Rare Snail Unique to California's Kern County Threatened by Golden Queen Mine
BAKERSFIELD, Calif.— In response to a petition from the Center for Biological Diversity, the U.S. Fish and Wildlife Service announced today that California’s Mohave shoulderband snail may warrant protection under the Endangered Species Act. The Center sought protection for the tiny Kern County mollusk in January 2014 because it is threatened with extinction by the operations of the Golden Queen open-pit gold mine under construction on Soledad Mountain. The snail is found on three mountain peaks southeast of Bakersfield and nowhere else on Earth, with its entire global range being less than eight square miles.
“It’s great news that this little fellow is finally moving toward the safeguards it needs to survive,” said Tierra Curry, senior scientist at the Center. “Without Endangered Species Act protection the Golden Queen mine could drive the Mohave shoulderband to extinction, forever erasing an irreplaceable piece of California’s natural heritage for short term economic gain.”
The Golden Queen mine is under construction and has obtained most of its permits, but none of the environmental analyses for the mine have considered impacts to the snail. The biological survey conducted by the mine prior to operations failed to report the presence of the snail and no mitigations are in place to buffer its habitat.
“We’re not trying to stop this mine, we’re trying to prevent the extinction of a species,” said Curry. “Condemning this snail to extinction would be an unnecessary tragedy because the species can be saved if the mining company sets aside and buffers some of the snail’s known habitat on Soledad Mountain.”
There are only 17 known locations of the shoulderband snail. Of these, 10 are in the mine footprint, and eight are very likely to be destroyed by mining activities. This means that 47 percent, or nearly half, of all known snail locations will be directly impacted by the mine. Moreover, six of the 17 total known sites will be impacted during the first phase of mining activities, putting the snail at imminent risk.
The Service will now conduct a one-year status review of the snail and should issue a listing proposal in April 2016.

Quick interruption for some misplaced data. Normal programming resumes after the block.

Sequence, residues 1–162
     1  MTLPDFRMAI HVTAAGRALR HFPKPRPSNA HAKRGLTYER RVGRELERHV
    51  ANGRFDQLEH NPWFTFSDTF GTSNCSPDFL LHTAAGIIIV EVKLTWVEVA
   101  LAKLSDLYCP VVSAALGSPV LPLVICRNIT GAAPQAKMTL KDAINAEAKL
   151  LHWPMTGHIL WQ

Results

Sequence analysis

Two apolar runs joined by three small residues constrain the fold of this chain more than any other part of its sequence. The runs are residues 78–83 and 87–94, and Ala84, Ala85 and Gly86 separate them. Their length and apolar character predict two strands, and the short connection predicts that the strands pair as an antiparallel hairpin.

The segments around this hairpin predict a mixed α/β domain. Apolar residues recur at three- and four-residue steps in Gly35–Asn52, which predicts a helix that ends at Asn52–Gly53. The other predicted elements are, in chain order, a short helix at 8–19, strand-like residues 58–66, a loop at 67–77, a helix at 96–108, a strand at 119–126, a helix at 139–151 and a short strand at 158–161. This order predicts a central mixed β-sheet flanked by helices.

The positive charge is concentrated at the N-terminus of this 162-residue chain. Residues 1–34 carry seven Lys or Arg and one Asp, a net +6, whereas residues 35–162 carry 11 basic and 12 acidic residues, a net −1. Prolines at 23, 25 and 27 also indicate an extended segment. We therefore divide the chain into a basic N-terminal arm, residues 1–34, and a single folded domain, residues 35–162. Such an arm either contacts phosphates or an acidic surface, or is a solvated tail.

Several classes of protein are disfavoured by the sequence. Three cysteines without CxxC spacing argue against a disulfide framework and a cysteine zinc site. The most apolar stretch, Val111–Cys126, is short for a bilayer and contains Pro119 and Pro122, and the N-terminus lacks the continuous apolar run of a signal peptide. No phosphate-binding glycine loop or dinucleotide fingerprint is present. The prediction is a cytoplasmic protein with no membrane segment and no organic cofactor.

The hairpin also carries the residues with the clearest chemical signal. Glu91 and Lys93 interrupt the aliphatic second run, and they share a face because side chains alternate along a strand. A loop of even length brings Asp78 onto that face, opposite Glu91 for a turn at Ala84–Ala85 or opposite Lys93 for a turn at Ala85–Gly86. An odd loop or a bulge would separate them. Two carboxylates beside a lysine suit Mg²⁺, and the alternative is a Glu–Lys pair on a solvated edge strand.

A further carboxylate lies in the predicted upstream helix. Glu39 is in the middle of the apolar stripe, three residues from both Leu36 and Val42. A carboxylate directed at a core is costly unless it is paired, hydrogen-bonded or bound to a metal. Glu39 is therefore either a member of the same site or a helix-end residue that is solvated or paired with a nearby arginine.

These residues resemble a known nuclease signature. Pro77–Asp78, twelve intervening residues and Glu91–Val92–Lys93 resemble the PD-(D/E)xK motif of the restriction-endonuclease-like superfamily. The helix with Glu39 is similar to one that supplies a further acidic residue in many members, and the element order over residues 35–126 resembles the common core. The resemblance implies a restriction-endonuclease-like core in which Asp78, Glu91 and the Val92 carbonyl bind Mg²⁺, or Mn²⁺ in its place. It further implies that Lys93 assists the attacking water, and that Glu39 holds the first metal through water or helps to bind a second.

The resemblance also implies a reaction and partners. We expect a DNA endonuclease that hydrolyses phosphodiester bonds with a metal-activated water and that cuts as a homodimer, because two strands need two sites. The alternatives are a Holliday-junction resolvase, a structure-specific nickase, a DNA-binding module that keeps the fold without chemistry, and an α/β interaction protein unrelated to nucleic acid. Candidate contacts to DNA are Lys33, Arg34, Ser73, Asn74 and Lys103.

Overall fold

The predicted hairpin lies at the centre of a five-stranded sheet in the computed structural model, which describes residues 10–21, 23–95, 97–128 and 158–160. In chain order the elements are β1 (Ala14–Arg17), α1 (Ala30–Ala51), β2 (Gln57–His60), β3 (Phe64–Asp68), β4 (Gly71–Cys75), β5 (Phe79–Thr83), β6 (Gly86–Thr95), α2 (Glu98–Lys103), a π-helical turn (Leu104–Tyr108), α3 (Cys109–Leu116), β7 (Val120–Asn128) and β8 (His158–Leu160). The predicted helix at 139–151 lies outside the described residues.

The Center has also notified the Eastern Kern Air Pollution Control District that the agency is now required to conduct new analyses under the California Environmental Quality Act on the impact the mine will have on the snail and on the Townsend’s big-eared bat, a candidate for protection under the California Endangered Species Act that also lives at the mine site.
The Mohave shoulderband is an approximately half-inch tall terrestrial snail with a light-brown, spiraling shell that is pale pinkish underneath. Populations of the snail are found on Middle Butte and Standard Hill, but they are too small to be viable in the long term if the larger population on Soledad Mountain is wiped out by the mine.
“Humans don’t notice snails very often, but they play many important roles in the physical environment that sustains all of us,” said Curry.
Snails decompose vegetative litter, recycle nutrients, build soils and provide food and calcium for many other animals including birds, amphibians, reptiles, small mammals and other invertebrates. They also help disperse seeds and fungi. Empty snail shells are used as shelters and egg-laying sites by insects and other arthropods; broken-down shells return calcium to the soil. In fact, snail shells are the primary calcium source for the eggs of some bird species.
On a global scale, mollusks are one of the most imperiled groups of animals because they are particularly vulnerable to changes in the environment brought about by humans.